A successful team is not an accident. Teamwork is crucial for the success of any group, as it requires individuals
I started the year on the topic of silence. I want to end the year on this critical leadership behavior of silence and mindfulness.
Silence is more than just the absence of sound. It is a state of mind that can profoundly affect physical and mental health. Silence can help us cope with stress, improve our concentration and focus, calm our racing thoughts, and foster mindfulness.
Mindfulness can help us reduce anxiety, depression, and negative emotions and increase our self-awareness to pay full attention to what is happening around us – people and issues to be addressed and to be clear about what is most important to us.
A real example of mindfulness – It is just past dawn in London, long before most people are awake. John is the CEO of a mid-size company performing his daily run through the park. He then spends the rest of the morning meditating, reading, and spending time with his wife and children before heading to his office. John accomplishes more in one day than many people do in a week. So how does he do it?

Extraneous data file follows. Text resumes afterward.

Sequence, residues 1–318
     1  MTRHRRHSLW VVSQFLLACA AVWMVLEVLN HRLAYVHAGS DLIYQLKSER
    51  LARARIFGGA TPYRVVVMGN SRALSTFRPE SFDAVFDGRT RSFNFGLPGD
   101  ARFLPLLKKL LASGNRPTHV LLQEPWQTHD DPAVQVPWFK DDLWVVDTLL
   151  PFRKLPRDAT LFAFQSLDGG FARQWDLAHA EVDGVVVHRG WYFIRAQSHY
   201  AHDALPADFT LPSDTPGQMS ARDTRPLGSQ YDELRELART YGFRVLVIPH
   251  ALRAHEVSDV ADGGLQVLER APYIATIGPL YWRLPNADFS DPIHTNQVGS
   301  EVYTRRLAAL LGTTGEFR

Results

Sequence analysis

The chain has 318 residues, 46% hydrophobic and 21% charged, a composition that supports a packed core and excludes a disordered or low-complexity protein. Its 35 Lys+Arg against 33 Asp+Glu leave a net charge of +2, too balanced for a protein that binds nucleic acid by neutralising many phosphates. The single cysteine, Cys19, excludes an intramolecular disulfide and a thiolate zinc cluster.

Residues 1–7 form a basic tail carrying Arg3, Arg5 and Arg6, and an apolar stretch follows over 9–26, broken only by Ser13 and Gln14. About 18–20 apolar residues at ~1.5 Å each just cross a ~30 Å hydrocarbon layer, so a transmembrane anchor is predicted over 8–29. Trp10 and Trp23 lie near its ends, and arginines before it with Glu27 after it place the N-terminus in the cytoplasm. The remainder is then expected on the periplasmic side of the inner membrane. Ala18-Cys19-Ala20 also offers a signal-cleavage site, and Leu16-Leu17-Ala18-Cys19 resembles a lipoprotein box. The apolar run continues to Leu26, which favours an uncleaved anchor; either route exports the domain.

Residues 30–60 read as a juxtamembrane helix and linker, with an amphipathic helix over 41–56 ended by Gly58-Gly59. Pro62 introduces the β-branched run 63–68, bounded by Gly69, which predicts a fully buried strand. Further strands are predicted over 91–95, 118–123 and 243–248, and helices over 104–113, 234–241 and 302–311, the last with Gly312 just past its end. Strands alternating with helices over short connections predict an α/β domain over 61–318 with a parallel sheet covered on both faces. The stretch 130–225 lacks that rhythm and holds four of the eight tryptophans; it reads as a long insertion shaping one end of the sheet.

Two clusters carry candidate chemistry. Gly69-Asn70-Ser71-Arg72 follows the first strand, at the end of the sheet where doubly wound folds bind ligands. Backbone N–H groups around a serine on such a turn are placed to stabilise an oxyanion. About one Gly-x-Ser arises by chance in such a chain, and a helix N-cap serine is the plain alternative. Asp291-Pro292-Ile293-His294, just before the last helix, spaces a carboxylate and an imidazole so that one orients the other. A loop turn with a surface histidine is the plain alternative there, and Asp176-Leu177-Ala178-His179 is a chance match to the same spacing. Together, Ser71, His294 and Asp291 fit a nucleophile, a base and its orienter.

John has developed self-awareness and empathy behaviors, giving him keen insight into people and the world around him. He knows what is important to him and why. He has figured out how to live his beliefs and values. He sees other people and situations very clearly. He notices what is happening inside him and around him. John is aware and actively attentive to himself, people, and conditions. He uses what he sees. Such a pattern is called mindfulness.
Silence and mindfulness are important parts of your effective leadership. So, begin your morning in silence with positive thoughts, embrace your surroundings, and welcome the opportunities to be an effective leader and person who inspires others.
Our daily experience of silence and mindfulness enhances our joy in this special Holy season.
“To everything, there is a season and a time to every purpose under heaven…a time to keep silence and a time to speak.? – Ecclesiastes 3: 1, 7.
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Gerald T. Hannah, Ph.D.